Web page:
Why? Well, at the risk of falling headlong into the generalisation trap, because the East End remains a lower demographic area, and it often simply cannot compete with the hot money which is flowing into the premium boroughs such as Kensington & Chelsea. Outside London, in many areas prices even remain below where they were in 2005.

It's a similar story in Australia. There are a few half-baked theories doing the rounds about a 'working from home revolution' and everyone selling up en masse to go and work from a home office in the countryside. Has it happened? Well, as a posh Sydneysider my social circle might not be representative of the nation, but to date I've not met a single person who has done so. 

What I have met are scores and scores of people in my age bracket who have bought medium-density dwellings in the inner/middle and beachside suburbs in Sydney, and plenty who have moved to the inner west to buy houses around Newtown, Stanmore and Erskineville. Immigrants to the country seem to me to be doing the same thing. Sydney dwellings prices are booming yet the cheapest sector of the Sydney market underperforms.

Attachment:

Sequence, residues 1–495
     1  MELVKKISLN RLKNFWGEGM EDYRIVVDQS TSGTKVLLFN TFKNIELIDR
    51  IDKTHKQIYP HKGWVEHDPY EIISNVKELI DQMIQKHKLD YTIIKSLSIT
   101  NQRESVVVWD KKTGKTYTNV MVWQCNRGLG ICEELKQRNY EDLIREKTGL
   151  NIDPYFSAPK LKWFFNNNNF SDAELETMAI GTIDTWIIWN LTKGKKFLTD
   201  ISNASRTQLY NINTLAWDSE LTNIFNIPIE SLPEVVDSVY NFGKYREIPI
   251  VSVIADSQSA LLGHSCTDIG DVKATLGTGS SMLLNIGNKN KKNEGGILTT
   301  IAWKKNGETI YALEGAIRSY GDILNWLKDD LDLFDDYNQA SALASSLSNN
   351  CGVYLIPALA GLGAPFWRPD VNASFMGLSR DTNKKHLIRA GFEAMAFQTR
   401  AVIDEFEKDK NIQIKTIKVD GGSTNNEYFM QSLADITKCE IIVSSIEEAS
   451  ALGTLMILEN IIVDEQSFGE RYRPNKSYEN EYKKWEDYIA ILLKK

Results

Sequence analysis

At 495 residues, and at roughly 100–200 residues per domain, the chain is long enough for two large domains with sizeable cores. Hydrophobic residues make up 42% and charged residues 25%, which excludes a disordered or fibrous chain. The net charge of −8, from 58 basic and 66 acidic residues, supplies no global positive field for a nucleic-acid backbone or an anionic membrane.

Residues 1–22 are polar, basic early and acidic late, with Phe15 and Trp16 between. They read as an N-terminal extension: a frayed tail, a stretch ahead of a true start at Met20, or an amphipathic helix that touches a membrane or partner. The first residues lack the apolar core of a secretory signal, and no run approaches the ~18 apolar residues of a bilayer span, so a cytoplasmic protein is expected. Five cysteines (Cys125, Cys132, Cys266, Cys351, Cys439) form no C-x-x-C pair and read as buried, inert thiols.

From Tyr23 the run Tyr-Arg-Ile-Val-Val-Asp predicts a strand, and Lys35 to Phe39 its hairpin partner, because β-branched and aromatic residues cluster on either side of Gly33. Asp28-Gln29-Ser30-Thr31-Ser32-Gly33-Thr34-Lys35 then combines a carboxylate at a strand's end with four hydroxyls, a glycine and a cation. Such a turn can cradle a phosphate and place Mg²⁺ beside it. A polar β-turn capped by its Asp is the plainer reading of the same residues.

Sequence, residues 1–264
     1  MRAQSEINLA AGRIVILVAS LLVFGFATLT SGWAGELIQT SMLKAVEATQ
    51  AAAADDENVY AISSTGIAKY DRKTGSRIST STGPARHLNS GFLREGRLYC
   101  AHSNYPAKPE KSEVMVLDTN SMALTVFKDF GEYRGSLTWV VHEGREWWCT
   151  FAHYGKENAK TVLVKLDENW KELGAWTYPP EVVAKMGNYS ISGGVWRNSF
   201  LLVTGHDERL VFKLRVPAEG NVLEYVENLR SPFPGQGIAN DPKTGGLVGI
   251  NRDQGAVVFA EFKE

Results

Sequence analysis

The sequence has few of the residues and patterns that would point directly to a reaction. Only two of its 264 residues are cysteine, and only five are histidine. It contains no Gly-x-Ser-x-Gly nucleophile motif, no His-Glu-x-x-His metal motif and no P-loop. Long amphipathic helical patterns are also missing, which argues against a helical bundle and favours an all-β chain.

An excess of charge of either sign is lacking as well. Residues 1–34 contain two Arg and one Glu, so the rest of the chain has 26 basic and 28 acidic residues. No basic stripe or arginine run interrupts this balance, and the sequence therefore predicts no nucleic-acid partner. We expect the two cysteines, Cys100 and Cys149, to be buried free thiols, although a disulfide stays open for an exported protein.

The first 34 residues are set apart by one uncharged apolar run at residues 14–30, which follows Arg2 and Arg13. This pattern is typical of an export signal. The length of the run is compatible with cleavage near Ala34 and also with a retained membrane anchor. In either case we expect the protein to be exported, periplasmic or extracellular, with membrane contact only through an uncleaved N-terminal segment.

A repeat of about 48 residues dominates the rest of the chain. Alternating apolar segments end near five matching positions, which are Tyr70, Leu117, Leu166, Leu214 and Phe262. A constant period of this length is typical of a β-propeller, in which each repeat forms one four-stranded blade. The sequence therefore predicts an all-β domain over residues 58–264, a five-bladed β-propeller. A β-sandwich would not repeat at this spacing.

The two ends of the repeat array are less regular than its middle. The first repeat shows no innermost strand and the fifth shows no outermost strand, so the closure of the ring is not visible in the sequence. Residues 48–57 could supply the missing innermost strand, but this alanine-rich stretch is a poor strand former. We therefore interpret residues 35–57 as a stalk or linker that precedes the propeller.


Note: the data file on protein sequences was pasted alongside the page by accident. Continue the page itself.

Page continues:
If you want to seriously outperform in property you need to drill down beyond city-wide prices to this level and identify the demographic trends that are actually playing out, and then find the right property types and locations which match the trends. It's seriously worrying when you see advice out there which suggests that buying any old property as long as it generates a positive cash-flow will do ("no viewing required!"), particularly in remote locations and distant outer suburbs. Terrifying, in fact.

Be smarter than that and recognise the primacy of the individual.